Threats can not help resolve Korean peninsula situation, China says

Donald Trump’s first UN General Assembly follows overseas visits early in his presidency to the Mideast and Europe

Donald Trump’s first UN General Assembly follows overseas visits early in his presidency to the Mideast and Europe

Threatening action or rhetoric can not help resolve the situation on the Korean peninsula, China's foreign ministry said on Tuesday, after United States (US) Defense Secretary Jim Mattis hinted about the existence of military options on North Korea.

North Korea also recently tested its most powerful bomb.

Ahead of the gathering of world leaders, U.S. Ambassador to the United Nations Nikki Haley said Washington has "pretty much exhausted all the things that we can do at the Security Council at this point" and warned of possible military action.

The angry statement from Pyongyang's foreign ministry came as the crisis surrounding the reclusive state was set to dominate the annual United Nations gathering of world leaders.

A screengrab from the footage taken of North Korea's missile test.

The tweet came a day before Trump conferences with members of the United States General Assembly, where North Korea's development of nuclear weapons - and its threats to use them against the United States and allies - will be a major topic.

I spoke with President Moon of South Korea last night.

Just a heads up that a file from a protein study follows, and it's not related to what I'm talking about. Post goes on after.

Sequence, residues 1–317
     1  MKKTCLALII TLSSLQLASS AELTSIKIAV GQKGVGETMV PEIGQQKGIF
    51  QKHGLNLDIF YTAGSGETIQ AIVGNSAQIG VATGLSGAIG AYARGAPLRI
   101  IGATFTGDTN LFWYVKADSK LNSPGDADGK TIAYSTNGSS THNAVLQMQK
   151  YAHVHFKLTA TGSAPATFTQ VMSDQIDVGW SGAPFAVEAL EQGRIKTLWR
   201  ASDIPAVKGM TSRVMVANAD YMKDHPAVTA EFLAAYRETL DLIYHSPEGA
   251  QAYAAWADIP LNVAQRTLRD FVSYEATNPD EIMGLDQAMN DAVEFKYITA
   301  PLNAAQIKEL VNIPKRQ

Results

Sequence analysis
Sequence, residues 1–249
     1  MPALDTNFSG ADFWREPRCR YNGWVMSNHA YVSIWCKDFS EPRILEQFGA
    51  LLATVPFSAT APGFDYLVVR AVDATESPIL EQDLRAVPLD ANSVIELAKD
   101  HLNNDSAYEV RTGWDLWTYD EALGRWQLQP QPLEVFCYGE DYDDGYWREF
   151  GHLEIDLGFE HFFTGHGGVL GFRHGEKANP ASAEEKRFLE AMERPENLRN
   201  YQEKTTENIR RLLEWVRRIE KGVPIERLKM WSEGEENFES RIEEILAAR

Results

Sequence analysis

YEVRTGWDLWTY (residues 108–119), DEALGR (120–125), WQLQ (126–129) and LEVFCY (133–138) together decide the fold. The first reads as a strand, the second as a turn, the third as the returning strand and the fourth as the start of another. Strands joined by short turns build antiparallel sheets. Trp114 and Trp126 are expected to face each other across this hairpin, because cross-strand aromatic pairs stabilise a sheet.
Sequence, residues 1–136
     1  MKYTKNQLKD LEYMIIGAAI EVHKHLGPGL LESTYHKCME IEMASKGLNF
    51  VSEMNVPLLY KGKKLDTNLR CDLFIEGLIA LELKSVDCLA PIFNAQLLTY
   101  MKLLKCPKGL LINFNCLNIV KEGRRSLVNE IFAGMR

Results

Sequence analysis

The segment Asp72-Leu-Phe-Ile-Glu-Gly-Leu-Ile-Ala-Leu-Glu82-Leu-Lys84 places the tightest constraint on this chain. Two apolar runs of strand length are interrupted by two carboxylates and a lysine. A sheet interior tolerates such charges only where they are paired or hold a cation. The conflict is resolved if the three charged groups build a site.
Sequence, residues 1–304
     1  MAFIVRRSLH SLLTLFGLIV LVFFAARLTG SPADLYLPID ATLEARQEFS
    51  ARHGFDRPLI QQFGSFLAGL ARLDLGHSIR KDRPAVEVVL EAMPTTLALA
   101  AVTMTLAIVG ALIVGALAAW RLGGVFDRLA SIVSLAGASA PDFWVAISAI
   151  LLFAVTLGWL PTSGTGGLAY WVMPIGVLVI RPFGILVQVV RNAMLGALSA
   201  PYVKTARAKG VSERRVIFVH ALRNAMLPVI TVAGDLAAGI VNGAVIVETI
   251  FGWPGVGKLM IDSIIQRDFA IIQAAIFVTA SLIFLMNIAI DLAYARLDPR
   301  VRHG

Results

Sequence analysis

The UN Security Council unanimously passed a US -drafted resolution a week ago mandating tougher new sanctions against Pyongyang that included banning textile imports and capping crude and petrol supply.

In New York, Trump will hold a series of individual and small-group meetings with leaders from the Mideast, Latin America, Africa and Europe.

Also implicit in Kim's pugnacious speech was a jab at Russian Federation and China, two of five veto-wielding countries who approved a package of sanctions recently passed in the United Nations Security Council following North Korea's sixth nuclear experiment on September 3.

Reuters reports South Korea launched a missile into the sea to coincide with the North Korean launch.

South Korean President Moon Jae-in holds a telephone conversation with U.S. President Donald Trump at his presidential office Cheong Wa Dae, which provided the photo, in Seoul on September 17, 2017.

In Beijing, the official Xinhua news agency said China and Russia had begun naval drills off the Russian far eastern port of Vladivostok, not far from the Russia-North Korea border.

Trump's first UN General Assembly follows overseas visits early in his presidency to the Mideast, where he sought to bolster relations with Saudi Arabia and reignite the Mideast peace process, and to Europe, where Western allies were alarmed by the president's inconsistent commitment to the North Atlantic Treaty Organisation alliance and his withdrawal from the Paris climate accords.

He is also scheduled to attend a meeting with South Korean and American business leaders where he is expected to promote new business opportunities in his country, as well as bilateral economic ties between the two countries.

The news comes as USA and Chinese leaders agreed to "maximise the pressure" on the regime of Kim Jong Un. Moon has been named one of three award winners this year, along with Canadian Prime Minister Justin Trudeau and Chinese pianist Lang Lang.

The drill was to "demonstrate the deterrence capability of the US-South Korea alliance against North Korea's nuclear and missile threats", it added.

The military fired the Hyunmu-2A missiles from a base in Gangwon Province at around 7 a.m., just about six minutes after North Korea launched what is believed to have been a Hwasong-12 missile from Sunan International Airport in Pyongyang.

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